Few of us think about how our bodies will be dealt with when we pass on. We assume that after dying peacefully in our sleep at home or much less so in a car-wreck that our mortal remains will be treated respectfully between the time of our death and when we are flung into that final fire or laid in the ground for the worms.

This is true for how most people in the Northern Territory will meet their maker, particularly those who live in cities and larger towns.

But it can be a very different situation in many remote — particularly remote Aboriginal — townships in the NT.

The pictures above are taken from the cover of a comprehensive 2012 report by then NT Ombudsman Carolyn Richards into the management of morgues in remote townships in the NT and illustrate the very basic standards of morgue services in those townships.

Carolyn Richards’ report is a comprehensive and very sorry tale of government and bureaucratic duck-shoving and buck-passing.

She began by asking herself this basic question.

 When a person dies on a remote community, what process, polices and systems exist to ensure that the deceased is handled appropriately?

Among the several morgue horror-stories from remote service providers and workers the Ombudsman noted was this from a local NT Police Commander.

… a body was stored in a shed at the rear of the clinic, the shed has no A/C but was the only option at the time and was not looked favourably upon by the clinic, however the corpse was decomposing and smelt too much to put in the clinic or at any other location …

I know that once a body was stored temporarily in the Timber Creek Court room – This was due to multiple other persons being injured in the motor vehicle crash and there was little/no time for people to stand around and argue about where the body would be stored.

The Ombudsman summed up her concerns — and barely concealed frustrations — with the failure to address long-standing concerns expressed by residents and staff dealing with these issues:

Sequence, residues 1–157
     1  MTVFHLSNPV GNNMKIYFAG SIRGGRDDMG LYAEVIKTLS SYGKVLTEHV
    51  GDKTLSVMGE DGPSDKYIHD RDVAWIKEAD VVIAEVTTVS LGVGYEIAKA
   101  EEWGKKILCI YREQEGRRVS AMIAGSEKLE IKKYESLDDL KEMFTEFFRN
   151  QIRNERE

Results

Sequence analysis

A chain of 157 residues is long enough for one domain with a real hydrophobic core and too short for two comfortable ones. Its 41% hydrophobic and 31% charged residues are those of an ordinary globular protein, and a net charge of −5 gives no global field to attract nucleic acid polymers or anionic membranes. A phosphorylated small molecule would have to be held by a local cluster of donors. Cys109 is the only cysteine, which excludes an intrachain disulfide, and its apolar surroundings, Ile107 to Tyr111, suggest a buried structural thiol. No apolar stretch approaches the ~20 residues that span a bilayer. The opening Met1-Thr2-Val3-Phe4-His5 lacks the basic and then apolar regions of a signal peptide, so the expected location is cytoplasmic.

The result of this investigation confirms that there is no ‘appropriate NT Government Department’ to whom responsibility and resources for the establishment, maintenance and management of morgues rests.

This report … is a chronicle of the state of morgues, the consequences to families of deceased persons caused by inadequate access to a morgue; the consequences for Police, health staff, council employees, Land Council employees; to the ability of the Coroner to perform his functions and of the economic consequences of the lack of morgues.

Notwithstanding the dramatic and urgent issues raised by the Ombudsman in 2012, it appears that not much progress has been made in the last two years.

In his recently released Annual Report the current Ombudsman, Peter Shoyer noted that:

Eight recommendations were made by the Ombudsman [in 2012]. Our Office has followed up with the Northern Territory Government on a regular basis to establish what progress has been made.

The most recent update received is from the Chief Executive of the Department of Community Services who advised by letter dated 8 September 2014: